I should admit that I interrupted the lecture on one occasion. It seemed a little rude, even to me, but the statement Turek had just made was simply false, on a basic level of factual knowledge everyone should have. He said "The second law of thermodynamics: Everything is running out of energy, until there will be no energy left." Basically, he fails physics 101. Energy is conserved, and this is a basic principle of physics that applies in every domain. In fact, energy is locally conserved, meaning that loss of energy in one point in space is always accompanied by a proportional energy current connecting that point to other points where a gain of energy takes place—the strongest possible sense in which a quantity can be conserved without being uniformly constant (and by the way, that's the first law of thermodynamics). This is if anything evidence that in order for God to make the universe, he had to send out energy pulses corresponding to the amount of matter in each location to every location in the universe—and presumably would lose energy in the process and could not make the pulses travel faster than the speed of light. (But God is magical, so science doesn't apply to him, right?) Entropy is the subject of the second law of thermodynamics, and it increases over time in a statistical fashion in closed systems. After interrupting I finally got Turek to admit his mistake and replace it with "Everything is running out of order over time", which still isn't strictly true but isn't an insult to the intelligence of anyone who has ever studied basic physics. But in order to make the error, Turek either needed to have no understanding of science whatsoever, or be intentionally misleading; either way this damages his credibility severely, and I felt obligated to point it out.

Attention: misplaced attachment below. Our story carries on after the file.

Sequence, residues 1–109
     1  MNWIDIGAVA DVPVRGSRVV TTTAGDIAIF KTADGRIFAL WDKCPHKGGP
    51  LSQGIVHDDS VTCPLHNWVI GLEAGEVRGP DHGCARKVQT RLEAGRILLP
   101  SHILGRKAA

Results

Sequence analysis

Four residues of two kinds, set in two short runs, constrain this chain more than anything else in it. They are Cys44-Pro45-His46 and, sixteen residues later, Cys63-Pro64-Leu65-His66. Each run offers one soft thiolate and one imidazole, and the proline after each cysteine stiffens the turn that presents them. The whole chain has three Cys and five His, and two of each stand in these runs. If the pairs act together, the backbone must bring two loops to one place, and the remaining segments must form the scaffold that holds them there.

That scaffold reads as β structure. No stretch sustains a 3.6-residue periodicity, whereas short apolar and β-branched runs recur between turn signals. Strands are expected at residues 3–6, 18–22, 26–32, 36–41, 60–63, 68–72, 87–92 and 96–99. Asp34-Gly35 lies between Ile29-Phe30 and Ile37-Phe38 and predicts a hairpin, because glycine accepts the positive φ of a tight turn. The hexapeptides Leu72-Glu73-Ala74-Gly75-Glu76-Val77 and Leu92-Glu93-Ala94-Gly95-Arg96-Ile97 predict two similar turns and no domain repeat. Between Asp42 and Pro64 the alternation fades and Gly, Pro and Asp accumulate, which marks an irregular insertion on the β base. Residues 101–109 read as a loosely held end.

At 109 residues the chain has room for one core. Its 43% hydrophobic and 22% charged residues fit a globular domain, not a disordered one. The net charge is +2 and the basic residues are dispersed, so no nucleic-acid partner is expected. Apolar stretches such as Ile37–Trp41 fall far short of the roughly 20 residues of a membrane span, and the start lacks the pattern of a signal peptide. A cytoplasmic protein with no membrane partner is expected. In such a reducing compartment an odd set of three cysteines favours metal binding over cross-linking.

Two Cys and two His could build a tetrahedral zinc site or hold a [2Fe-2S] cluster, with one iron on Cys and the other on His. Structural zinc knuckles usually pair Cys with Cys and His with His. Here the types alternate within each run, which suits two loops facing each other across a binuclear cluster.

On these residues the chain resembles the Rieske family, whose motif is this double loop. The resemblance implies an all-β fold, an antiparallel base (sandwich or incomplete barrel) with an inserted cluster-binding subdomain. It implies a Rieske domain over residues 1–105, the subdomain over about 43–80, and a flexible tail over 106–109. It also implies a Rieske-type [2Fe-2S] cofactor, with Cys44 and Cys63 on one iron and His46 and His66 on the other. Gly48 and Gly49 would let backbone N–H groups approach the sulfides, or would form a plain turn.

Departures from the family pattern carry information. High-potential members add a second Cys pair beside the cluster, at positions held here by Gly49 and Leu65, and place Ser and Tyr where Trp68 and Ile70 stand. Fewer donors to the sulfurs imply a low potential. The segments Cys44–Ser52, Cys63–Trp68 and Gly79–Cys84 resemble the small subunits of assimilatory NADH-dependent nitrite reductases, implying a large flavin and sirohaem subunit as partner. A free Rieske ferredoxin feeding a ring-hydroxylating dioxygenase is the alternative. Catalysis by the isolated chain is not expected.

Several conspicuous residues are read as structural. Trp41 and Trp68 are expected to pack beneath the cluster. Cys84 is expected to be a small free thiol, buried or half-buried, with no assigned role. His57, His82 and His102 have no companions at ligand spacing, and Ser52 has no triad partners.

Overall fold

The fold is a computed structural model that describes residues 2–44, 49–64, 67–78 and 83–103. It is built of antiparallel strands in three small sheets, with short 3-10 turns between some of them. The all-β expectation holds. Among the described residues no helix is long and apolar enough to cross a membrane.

We arrived early and sat near the front in our "Evolution is only a Theory" ("Just like gravity!") tee shirts; several of the Cru people recognized me from previous events and welcomed me back, which is at once quite flattering and a little unsettling. They know who I am. Anyway, all the Christians in the audience—there were many—were very congenial, and we actually received applause for our attendance on behalf of the secular community. This too was a little unsettling; they think we're going to suffer eternal punishment and damn well deserve it, but they welcome us with open arms and wide smiles. Perhaps this is similar to the sort of congeniality a doctor gives to an Alzheimer's patient; their world is so distorted and their life so lacking in meaning, one cannot help but feel pity and sympathy for them. Yet I would never suppose that an Alzheimer's patient deserves their suffering, so the analogy can't be quite right.